how to rappel with a grigri

Rappel with Grigri-tude: How to Rappel with a GriGri Safely

In 1991, when Petzl released the original grigri belay device, the company changed the belaying game forever. The grigri was the first assisted braking device and remains the industry’s gold standard.

The term assisted braking implies that if the belayer loses control of the rope, the belay device itself will arrest the climber’s fall in the overwhelming majority of circumstances. This does not eliminate the need for a competent belayer but certainly increases safety for the climber, and of course, peace of mind on the sharp end!

Whether climbing big walls in Yosemite or top roping in the climbing gym, the gri-gri should be at the top of any climber’s gear arsenal.

In this article, you will learn how to use the gri-gri in several contexts of belaying and rappelling. Please keep in mind, while this article can be a valuable resource, it is not a replacement for qualified in-person instruction from a certified guide.

Recommended Gri-Gri

PETZL GriGri Belay Device

Petzl GRIGRI Belay Device
  • Assisted-braking device for added safety in case of fall.
  • Designed to be used with dynamic ropes for fall energy absorption.
  • Compact and lightweight design for easy handling.
  • Easy to use, even with one hand, which is useful in emergency situations.

Here, you can purchase your own gri-gri from Amazon. At less than one hundred dollars, the device is very affordable, especially considering all of its different uses and applications. Make sure to purchase a locking carabiner to accompany it and read on to learn how to rappel with a grigri safely!

Gri-gri For Belaying

Top Rope Belay

Learning how to use the gri-gri for top rope belaying is the most basic application of the device and the basis for all the other methods. In top roping, the rope is already threaded through an anchor at the top of the wall. As the climber ascends, slack is created. The belayer’s job is to take in this slack through the belay device to prevent the climber from taking a big fall.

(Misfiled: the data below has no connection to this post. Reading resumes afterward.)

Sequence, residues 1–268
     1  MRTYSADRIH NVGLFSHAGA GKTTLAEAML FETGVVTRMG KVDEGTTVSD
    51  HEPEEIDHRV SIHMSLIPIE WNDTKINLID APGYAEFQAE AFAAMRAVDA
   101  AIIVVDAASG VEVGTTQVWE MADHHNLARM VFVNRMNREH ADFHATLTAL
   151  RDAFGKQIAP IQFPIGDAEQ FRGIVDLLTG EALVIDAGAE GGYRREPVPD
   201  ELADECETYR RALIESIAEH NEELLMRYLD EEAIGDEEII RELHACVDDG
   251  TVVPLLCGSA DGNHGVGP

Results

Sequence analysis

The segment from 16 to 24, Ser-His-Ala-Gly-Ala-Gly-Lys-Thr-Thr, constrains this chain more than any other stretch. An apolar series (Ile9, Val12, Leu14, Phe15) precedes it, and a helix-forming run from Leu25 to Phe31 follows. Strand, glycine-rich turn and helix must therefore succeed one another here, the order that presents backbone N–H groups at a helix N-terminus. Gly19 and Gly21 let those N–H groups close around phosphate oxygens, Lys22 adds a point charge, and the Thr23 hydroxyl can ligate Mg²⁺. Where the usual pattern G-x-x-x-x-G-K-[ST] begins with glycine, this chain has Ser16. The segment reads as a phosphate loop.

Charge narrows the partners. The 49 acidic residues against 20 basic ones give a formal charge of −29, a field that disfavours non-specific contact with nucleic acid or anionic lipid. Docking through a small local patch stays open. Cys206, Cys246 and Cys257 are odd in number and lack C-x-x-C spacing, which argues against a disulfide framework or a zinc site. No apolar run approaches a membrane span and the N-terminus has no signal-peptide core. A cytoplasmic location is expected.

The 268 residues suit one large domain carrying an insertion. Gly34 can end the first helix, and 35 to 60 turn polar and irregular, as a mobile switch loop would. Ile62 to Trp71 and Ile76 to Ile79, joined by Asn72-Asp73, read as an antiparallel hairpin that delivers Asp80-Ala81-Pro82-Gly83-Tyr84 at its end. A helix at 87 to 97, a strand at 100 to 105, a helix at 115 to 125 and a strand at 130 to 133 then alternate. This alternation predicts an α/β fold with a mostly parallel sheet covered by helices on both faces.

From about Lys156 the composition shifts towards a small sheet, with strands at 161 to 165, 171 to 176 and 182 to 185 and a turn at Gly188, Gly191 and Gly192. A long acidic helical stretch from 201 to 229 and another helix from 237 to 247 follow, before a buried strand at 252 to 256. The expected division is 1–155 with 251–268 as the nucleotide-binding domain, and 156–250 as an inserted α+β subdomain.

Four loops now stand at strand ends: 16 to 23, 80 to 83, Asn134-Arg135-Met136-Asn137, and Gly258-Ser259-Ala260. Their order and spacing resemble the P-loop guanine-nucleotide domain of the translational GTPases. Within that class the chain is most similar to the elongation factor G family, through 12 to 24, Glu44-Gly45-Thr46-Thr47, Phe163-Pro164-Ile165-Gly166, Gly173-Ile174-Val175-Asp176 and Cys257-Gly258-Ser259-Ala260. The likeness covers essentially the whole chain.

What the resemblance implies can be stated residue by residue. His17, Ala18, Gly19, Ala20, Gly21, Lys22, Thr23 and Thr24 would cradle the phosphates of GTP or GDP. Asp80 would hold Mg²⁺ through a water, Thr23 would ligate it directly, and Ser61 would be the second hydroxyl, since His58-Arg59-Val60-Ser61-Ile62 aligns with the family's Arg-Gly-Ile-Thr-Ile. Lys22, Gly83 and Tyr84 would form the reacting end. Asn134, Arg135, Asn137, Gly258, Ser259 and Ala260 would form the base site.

Step 1: Load the rope into the gri-gri

The first thing you are going to do is open your gri-gri. On the inside of the device, you will see two icons: One of a climber and one of a brake hand. Place the rope inside the device according to these icons, ensuring the strand of rope coming out of the “climber’s side” continues up, through the anchor, and down to your climbing partner.

The rope from the brake-hand side should continue to a stacked pile on the ground. After loading the rope into the device, close it up and clip it to the belay loop of your harness using a locking carabiner.

Step 2: PBUS!

Here, after standard safety checks with your partner, we get to the belaying itself. A commonly used acronym for this is PBUS. This stands for pull, brake, under, slide and is the motion you will continually repeat as the climber ascends the wall. Let’s break it down.

On pull, use your left hand to pull slack down towards the device from the rope going up the wall, and your right hand to pull it through the gri-gri itself. Then brake, by bringing your right hand below the device. This is your standard braking position.

For under, bring your left hand down below your right. Now with your left hand secure on the rope, you can release pressure with your right and slide it back up to the starting position. Repeat this cycle until your climber reaches the top.

Step three: Lowering

If you have already learned rappel with ATC or other nonlocking belay device, this is where things will get a little different. When the climber weights the rope, the gri-gri will automatically lock. To release it and get the climber back down, gradually pull back the trigger with your left hand and keep light pressure on the rope with your brake hand.

The rope should be running over the curved lip on the right side of the gri-gri. The combination of how far you pull back the trigger and how tightly you grip the rope will determine the speed at which they lower. It takes a couple of try to coordinate between those but rest assured that lowering with a grigri is much easier and safer.

Lead Belay